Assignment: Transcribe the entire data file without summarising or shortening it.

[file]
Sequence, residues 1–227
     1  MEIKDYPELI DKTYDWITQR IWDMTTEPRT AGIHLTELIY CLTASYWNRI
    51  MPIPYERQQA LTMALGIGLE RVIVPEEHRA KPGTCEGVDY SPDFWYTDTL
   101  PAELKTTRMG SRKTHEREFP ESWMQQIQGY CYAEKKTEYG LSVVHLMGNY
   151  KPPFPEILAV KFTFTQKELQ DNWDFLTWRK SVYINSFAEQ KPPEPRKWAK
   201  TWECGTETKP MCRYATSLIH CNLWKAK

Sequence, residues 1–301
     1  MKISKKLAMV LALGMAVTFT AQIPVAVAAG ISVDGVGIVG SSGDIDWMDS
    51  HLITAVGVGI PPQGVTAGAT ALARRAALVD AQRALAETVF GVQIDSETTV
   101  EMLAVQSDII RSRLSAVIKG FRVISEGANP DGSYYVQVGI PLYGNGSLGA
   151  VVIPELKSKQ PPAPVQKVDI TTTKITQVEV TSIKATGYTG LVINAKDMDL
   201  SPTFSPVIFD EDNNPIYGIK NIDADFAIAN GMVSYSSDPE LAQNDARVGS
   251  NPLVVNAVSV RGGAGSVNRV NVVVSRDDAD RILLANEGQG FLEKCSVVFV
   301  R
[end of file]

Sequence, residues 1–227
     1  MEIKDYPELI DKTYDWITQR IWDMTTEPRT AGIHLTELIY CLTASYWNRI
    51  MPIPYERQQA LTMALGIGLE RVIVPEEHRA KPGTCEGVDY SPDFWYTDTL
   101  PAELKTTRMG SRKTHEREFP ESWMQQIQGY CYAEKKTEYG LSVVHLMGNY
   151  KPPFPEILAV KFTFTQKELQ DNWDFLTWRK SVYINSFAEQ KPPEPRKWAK
   201  TWECGTETKP MCRYATSLIH CNLWKAK

Sequence, residues 1–301
     1  MKISKKLAMV LALGMAVTFT AQIPVAVAAG ISVDGVGIVG SSGDIDWMDS
    51  HLITAVGVGI PPQGVTAGAT ALARRAALVD AQRALAETVF GVQIDSETTV
   101  EMLAVQSDII RSRLSAVIKG FRVISEGANP DGSYYVQVGI PLYGNGSLGA
   151  VVIPELKSKQ PPAPVQKVDI TTTKITQVEV TSIKATGYTG LVINAKDMDL
   201  SPTFSPVIFD EDNNPIYGIK NIDADFAIAN GMVSYSSDPE LAQNDARVGS
   251  NPLVVNAVSV RGGAGSVNRV NVVVSRDDAD RILLANEGQG FLEKCSVVFV
   301  R